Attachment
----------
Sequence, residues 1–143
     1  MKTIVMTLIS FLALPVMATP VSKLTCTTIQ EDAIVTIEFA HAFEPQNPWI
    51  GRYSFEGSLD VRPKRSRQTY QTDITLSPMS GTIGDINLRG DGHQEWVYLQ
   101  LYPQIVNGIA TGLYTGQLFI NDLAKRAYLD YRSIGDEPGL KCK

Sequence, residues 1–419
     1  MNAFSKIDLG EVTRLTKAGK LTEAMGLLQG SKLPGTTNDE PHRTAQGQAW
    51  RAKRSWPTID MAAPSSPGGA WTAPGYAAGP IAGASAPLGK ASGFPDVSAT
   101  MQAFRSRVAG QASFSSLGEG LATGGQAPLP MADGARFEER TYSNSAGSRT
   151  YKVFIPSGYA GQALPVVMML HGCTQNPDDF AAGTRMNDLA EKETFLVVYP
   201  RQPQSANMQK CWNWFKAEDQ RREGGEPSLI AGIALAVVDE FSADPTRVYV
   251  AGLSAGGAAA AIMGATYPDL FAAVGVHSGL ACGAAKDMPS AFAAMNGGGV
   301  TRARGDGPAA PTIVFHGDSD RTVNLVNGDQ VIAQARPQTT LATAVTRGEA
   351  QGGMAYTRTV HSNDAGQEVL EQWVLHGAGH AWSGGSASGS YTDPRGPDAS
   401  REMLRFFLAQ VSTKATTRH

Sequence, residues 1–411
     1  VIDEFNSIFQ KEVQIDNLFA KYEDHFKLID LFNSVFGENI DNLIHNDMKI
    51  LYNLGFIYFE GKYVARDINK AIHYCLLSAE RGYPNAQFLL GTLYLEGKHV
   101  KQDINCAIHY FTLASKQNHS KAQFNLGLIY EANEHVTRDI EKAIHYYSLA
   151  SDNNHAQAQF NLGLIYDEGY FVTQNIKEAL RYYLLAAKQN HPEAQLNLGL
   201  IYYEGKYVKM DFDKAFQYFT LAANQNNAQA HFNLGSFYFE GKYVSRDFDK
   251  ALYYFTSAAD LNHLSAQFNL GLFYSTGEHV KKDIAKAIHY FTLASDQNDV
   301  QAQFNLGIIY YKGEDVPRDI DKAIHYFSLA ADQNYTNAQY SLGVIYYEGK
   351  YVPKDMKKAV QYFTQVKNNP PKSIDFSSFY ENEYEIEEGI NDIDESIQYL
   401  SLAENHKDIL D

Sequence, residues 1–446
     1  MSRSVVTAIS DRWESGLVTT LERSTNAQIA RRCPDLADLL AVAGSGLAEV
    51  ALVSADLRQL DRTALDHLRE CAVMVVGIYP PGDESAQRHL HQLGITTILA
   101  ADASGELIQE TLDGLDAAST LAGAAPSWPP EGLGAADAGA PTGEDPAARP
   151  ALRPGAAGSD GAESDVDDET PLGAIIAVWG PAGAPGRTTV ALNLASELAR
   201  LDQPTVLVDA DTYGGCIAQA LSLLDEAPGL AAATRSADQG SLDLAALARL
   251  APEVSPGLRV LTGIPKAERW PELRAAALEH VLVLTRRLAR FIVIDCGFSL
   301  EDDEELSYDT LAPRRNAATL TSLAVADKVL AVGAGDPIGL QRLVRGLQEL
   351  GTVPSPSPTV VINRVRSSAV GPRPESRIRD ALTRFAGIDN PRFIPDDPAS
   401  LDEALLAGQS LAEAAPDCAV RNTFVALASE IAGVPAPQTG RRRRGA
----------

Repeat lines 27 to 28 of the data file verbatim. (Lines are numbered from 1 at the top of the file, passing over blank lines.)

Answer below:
    51  ALVSADLRQL DRTALDHLRE CAVMVVGIYP PGDESAQRHL HQLGITTILA
   101  ADASGELIQE TLDGLDAAST LAGAAPSWPP EGLGAADAGA PTGEDPAARP